Quitting Smoking and E-Cigarettes — What to Know

Communications Intern
Monday, August 12, 2019 - 11:12am

While e-cigarettes have become popular, they are not an FDA-approved medication to quit smoking. Their effectiveness as a tobacco-cessation treatment and their long-term safety are still unknown. The nicotine patch, gum, and lozenge are just some of seven FDA-approved medications for quitting smoking and using these medications can double your chances of quitting successfully.

Still, many tobacco smokers try using e-cigarettes as a way to cut back their cigarette smoking. Evidence has shown that e-cigarettes can be less harmful to a person’s health in the short-term when someone who regularly smokes completely switches to them, but they still deliver aerosols and other harmful chemicals. “E-cigarettes are a close substitute to tobacco cigarettes,” says Roswell Park’s Maciej Goniewicz, PhD, PharmD, a researcher in the Department of Health Behavior. “If a smoker uses e-cigarettes, it needs to be complete substitution. The most important thing is to get away from combustible cigarettes.” E-cigarettes are not a smoking cessation device; however, they can help to alleviate withdrawal symptoms because of their ability to quickly deliver nicotine. 

Studying the E-Cigarette Transition

A recent study conducted by Roswell Park in collaboration with University at Buffalo and University of California San Francisco revealed important information for smokers considering the switch to e-cigarettes. Given the variety of vaporized nicotine products (VNPs) on the market, researchers wanted to find out which products smokers preferred to use instead of traditional cigarettes.

Over the course of the seven-week study, 18 daily cigarette users tested six different VNPs: disposable, rechargeable, eGo, mod, e-Cigar, and e-Pipe. Each week, a participant was given a different VNP to use daily instead of normal cigarettes. They assessed each VNP based on characteristics of satisfaction, enjoyment, perceived harm, speed of urge relief, amount of urge relief, harshness, taste, pleasantness, and embarrassment from use. Additionally, once per week participants used each device in a Roswell Park laboratory and blood samples were collected to quantitatively assess nicotine delivery levels in the bloodstream. The blood samples confirmed that the devices users found most effective in alleviating unpleasant nicotine withdrawal symptoms were the ones with higher nicotine delivery.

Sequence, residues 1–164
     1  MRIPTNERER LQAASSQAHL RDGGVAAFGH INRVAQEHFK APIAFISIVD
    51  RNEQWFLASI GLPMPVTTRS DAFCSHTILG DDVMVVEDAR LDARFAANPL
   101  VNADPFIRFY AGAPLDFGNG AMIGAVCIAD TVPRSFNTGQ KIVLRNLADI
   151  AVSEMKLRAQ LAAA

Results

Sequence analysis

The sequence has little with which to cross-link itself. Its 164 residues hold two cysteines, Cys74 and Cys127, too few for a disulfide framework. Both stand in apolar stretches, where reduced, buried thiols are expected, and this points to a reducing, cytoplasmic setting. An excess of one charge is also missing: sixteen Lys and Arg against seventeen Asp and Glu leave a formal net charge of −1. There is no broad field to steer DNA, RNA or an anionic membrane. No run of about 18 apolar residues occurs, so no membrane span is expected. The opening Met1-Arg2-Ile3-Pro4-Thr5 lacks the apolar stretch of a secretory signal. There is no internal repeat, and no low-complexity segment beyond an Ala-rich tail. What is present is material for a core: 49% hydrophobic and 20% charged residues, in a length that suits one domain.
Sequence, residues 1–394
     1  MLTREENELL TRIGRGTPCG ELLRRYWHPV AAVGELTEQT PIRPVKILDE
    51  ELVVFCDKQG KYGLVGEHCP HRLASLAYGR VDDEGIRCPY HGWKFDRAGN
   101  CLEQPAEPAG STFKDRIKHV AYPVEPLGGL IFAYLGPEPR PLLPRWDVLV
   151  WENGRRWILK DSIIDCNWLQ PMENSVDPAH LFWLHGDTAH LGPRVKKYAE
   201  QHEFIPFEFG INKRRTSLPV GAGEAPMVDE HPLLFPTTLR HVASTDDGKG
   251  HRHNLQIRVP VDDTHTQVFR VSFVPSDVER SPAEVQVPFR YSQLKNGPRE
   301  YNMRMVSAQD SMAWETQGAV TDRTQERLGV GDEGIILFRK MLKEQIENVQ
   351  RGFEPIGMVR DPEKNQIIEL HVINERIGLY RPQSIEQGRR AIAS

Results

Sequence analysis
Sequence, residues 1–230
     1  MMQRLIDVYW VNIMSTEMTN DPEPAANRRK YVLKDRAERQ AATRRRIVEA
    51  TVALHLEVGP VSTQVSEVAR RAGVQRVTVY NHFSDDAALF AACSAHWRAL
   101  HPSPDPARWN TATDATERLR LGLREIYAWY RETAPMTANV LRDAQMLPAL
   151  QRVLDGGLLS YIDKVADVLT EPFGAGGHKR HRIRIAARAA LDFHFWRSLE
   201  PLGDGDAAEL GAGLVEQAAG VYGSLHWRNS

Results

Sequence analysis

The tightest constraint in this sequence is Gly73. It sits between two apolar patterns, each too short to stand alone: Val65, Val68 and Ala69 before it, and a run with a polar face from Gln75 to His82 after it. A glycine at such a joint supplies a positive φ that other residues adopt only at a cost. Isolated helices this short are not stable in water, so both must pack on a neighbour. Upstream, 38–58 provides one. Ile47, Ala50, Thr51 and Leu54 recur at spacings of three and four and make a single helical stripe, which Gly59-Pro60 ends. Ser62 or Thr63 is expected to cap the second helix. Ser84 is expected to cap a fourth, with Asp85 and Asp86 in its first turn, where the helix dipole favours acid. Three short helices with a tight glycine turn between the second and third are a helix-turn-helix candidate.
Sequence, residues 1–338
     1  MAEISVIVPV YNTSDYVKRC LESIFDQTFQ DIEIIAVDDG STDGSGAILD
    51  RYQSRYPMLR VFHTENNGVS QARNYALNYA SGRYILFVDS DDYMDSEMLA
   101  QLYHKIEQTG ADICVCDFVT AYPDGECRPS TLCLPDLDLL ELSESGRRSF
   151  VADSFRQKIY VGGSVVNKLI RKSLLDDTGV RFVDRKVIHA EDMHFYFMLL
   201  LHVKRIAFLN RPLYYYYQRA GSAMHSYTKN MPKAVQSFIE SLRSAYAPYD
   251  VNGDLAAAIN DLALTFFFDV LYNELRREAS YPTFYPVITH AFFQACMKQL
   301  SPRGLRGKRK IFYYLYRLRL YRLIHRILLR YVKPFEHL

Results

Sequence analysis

The smokers in this study preferred smaller devices with high nicotine delivery, such as the eGo and mod devices, which they perceived as less harmful, and claimed they were easy to use and had an enjoyable taste. Smaller devices with higher nicotine levels allowed for participants to control their smoking craving more effectively. “E-cigarettes are better to alleviate symptoms because they can do it faster. Smokers can adjust their nicotine intake as he or she needs,” says Dr. Goniewicz.

What About JUUL?

JUUL, introduced to the market in 2015, quickly rose to the top of the e-cigarette market and generated $245 million from sales in 2017. JUUL is a small, rectangular device in which JUULpods of varying liquid nicotine levels and flavors can be inserted. Although it was not used in this study, JUUL has the characteristics that regular adult smokers appear to prefer — small, easy to use and an effective nicotine delivery system.

Unfortunately, these devices, which can be beneficial for adult smokers, are also surging in popularity among youth. JUUL products have intensified the youth vaping epidemic by creating exotic flavors such as mango and cucumber and using advertisement tactics which directly appeal to young people. A study conducted by the Food and Drug Administration (FDA) and Centers for Disease Control and Prevention found that e-cigarette use in middle and high school students rose from 1.5 million in 2017 to 3.6 million in 2018, more than a 75% increase.

According to the Surgeon General, the upsurge in e-cigarettes has greatly increased youth nicotine exposure — which during adolescence can damage developing brains and increase the risk for future addiction to cigarettes and other drugs. In response, the FDA is taking steps to restrict the sale of exotic vaping flavors and raising the purchasing age to 21. Here in New York State, starting in November the purchase of all tobacco products, including e-cigarettes, will be illegal for those under the age of 21.

Support to Quit

For smokers trying to quit, Dr. Goniewicz recommends to first try cessation medications, or get support from Roswell Park, your healthcare provider or the New York State Smokers’ Quitline. 

The Tobacco Treatment Service is available to all Roswell Park patients and includes group and phone sessions. The service reaches out to all patients who use tobacco, but you can always contact 716-845-1300 ext. 7851 or treattobacco@roswellpark.org.

Not a Roswell Park patient? Access the Quitline by visiting nysmokefree.com or calling 1-866-NY-QUITS (1-866-697-8487).